Okay, I’m hear to dish on our main girl Nadya a little more because my nerdy self has to gush a little. Also, I really loved how the author crafted the religion and the saints of this book. Truly beautiful and fascinating. First off, I come from a vary colorful religious background of my family being divided into Christian, Catholic, and Apache faith/religion. So you know I come from a very diverse upbringing. However, on the opposite spectrum of that, I have played so much D&D, Pathfinder, done a lot of misc. role playing, and even to this day still do LARPing. And I kid you not, I have always had characters who are clerics, healers, and (in opposite contrast to those blood mages) my most favorite and recent character I LARP as, rogue mage. Seriously, my nerdy-self can’t contain my hype for a book with mages and a cleric who can speak to the the gods. A cleric who has been blessed by the divine (holy cow, YES!). Also, the fact that we get so many moments of Nadya and her banter with these gods, all of whom have different characteristics and personalities, was probably one of my most favorite elements the author has added to this book! I loved it!

Once again, let me take this time to express how dark of a book this is. Please see my content warning above because self-care is so important when reading these topics. It took me so long to get through this book because I had to take time to process what I was reading and making sure I was caring for my mental health. But one of the major magic systems in this book is blood magic, where people will use their own blood (most of the time, freshly cut) and merge it with pages of a spell book to be able to wield their prepared spells and harness their magic. This is something I feel is so heavily represented in D&D, there are a lot of Lovecraft theme board games that feature this, and even some video games will feature it. And I loved every second of it because I’m so familiar with the blood mage characteristics. The author did an exemplary job of weaving the true power of the blood mage into this book.


“Dazzle the monsters, Nadya. You’ve already charmed the worst of the lot; the rest should be easy.”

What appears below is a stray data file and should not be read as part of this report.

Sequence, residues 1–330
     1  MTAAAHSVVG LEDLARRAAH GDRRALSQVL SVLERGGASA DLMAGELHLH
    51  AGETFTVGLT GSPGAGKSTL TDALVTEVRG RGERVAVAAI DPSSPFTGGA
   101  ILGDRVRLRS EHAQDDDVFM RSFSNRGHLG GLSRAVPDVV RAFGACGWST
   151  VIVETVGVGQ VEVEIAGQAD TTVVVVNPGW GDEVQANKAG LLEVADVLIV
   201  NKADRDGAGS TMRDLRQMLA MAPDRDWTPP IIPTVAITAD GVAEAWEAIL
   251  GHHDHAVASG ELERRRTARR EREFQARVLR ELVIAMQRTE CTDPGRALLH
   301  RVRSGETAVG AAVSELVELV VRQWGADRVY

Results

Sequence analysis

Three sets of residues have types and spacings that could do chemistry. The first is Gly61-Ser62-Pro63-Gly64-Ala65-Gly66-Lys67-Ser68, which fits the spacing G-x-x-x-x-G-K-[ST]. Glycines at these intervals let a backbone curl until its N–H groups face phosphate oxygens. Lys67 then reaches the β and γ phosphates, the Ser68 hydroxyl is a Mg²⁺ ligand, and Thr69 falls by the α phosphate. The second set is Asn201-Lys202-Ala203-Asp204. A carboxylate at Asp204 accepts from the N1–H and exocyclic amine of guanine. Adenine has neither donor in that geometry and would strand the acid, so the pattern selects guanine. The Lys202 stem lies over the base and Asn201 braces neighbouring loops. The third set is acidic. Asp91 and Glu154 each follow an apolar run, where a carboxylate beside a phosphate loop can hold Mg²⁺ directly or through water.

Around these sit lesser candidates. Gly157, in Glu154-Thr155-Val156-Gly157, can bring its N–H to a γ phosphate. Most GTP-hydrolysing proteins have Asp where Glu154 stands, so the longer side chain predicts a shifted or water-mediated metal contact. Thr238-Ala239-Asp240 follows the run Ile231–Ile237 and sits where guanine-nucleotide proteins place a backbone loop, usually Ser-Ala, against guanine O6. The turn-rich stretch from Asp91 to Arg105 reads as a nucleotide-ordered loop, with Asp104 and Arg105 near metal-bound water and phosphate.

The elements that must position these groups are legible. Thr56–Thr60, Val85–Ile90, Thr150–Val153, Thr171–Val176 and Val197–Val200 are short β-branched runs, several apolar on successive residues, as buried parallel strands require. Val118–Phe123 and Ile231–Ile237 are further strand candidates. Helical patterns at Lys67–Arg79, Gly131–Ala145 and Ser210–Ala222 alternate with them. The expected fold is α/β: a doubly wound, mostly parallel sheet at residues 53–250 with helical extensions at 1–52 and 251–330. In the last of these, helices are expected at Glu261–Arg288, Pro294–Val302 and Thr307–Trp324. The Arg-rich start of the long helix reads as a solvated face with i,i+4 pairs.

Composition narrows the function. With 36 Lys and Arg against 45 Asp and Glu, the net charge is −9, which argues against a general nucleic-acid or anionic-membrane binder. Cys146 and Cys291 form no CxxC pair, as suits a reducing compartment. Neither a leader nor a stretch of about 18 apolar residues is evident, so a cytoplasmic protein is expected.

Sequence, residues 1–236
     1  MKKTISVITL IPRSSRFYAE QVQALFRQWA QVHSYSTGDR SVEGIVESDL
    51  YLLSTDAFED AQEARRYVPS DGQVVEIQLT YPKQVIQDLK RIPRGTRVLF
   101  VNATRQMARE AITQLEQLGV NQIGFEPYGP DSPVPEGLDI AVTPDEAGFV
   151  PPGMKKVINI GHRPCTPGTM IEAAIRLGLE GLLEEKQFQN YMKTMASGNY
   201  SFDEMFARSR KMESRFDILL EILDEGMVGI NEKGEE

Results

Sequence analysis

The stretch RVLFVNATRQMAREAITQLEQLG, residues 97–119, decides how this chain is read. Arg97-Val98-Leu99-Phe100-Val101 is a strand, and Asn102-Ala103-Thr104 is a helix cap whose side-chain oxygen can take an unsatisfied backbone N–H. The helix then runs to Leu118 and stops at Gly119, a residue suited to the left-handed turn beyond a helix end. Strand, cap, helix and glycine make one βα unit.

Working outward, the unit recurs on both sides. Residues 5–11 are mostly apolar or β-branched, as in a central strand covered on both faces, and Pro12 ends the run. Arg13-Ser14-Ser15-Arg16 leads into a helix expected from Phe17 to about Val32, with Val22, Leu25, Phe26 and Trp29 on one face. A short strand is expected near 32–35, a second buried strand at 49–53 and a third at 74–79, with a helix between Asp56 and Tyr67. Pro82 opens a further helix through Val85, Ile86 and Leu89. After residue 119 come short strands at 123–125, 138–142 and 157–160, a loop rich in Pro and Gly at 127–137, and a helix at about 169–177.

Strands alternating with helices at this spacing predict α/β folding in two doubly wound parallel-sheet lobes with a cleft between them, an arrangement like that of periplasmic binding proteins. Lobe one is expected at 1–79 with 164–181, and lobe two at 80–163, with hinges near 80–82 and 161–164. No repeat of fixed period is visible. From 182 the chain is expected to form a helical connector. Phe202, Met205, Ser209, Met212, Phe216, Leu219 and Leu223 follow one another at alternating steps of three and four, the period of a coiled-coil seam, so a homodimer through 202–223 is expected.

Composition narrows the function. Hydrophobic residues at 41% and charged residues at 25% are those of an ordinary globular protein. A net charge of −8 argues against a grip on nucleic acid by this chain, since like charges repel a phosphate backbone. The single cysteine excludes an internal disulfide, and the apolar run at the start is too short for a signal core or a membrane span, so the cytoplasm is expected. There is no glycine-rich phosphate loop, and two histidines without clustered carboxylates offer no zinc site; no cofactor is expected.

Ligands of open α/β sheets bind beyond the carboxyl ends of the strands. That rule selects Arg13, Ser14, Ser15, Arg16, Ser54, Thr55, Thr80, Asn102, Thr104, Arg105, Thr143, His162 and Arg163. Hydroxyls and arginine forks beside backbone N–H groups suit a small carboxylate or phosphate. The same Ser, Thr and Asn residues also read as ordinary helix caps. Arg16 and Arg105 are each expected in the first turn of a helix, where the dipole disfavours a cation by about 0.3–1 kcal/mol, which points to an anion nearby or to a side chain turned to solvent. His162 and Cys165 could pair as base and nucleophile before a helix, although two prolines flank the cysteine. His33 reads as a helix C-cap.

I feel like I need to talk about the romance in this book because I didn’t even realize it was happening until I was near the end and I was shook! Now, let me say this because I know a lot of early reviewers who have read this book and didn’t love this romance….this type of romance is an acquired taste. You’re either going to love it or you’re going to say fuck this. That’s just how that type of romance goes. For me, I live for a dark, forbidden, “evil and good” type romance. I live for it, I eat this romance for breakfast. I will go as far as saying I married a chaotic neutral person (which if you’re a nerd and have played D&D, you know what I’m talking about here). Reading this book, even though we had two POVs, I always assumed Nadya was the star of this book. The pull to her was a lot greater than Serefin. So regardless of who Nadya who she would develop feelings for. If you’ve been around my reviews and myself, then you know I always go for the first character who spells trouble with a capital ‘T’. So, when Malachiasz started getting closer and closer to each other…I was so here for it. This book had me thinking that Nadya was about to be made Queen and I was losing it when Malachiasz scooped Nadya, told everyone to fuck off, and put her to bed. Their slow burn, friend-enemy romance was so delicious and I devoured that. So naturally, the way this book ended left me as a husk.

Overall, this book just landed too many punches in my personal arsenal. My only issue with this book was the ending. I felt like there were far too many unanswered questions and it didn’t even leave off on a cliffhanger. But that epilogue just about killed me. The author did an amazing job making the epilogue from The Black Vulture’s point of view. I really think Emily A. Duncan has crafted such a unique book that will make readers wanting more. Wicked Saints is such a beautiful debut and just a hard punch for starting off this series. I can’t wait to see what Emily has in-store for us in the next book, especially since this ending left so many things unanswered and left so many broken pieces of my heart scattered all over the pages. 


“We’re all monsters, Nadya, some of us just hide it better than others.” 

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The quotes above were taken from an ARC and are subject to change upon publication.

3 thoughts on “Wicked Saints (Something Dark and Holy #1) by Emily A. Duncan

  1. Pingback: Mid Year Book Tag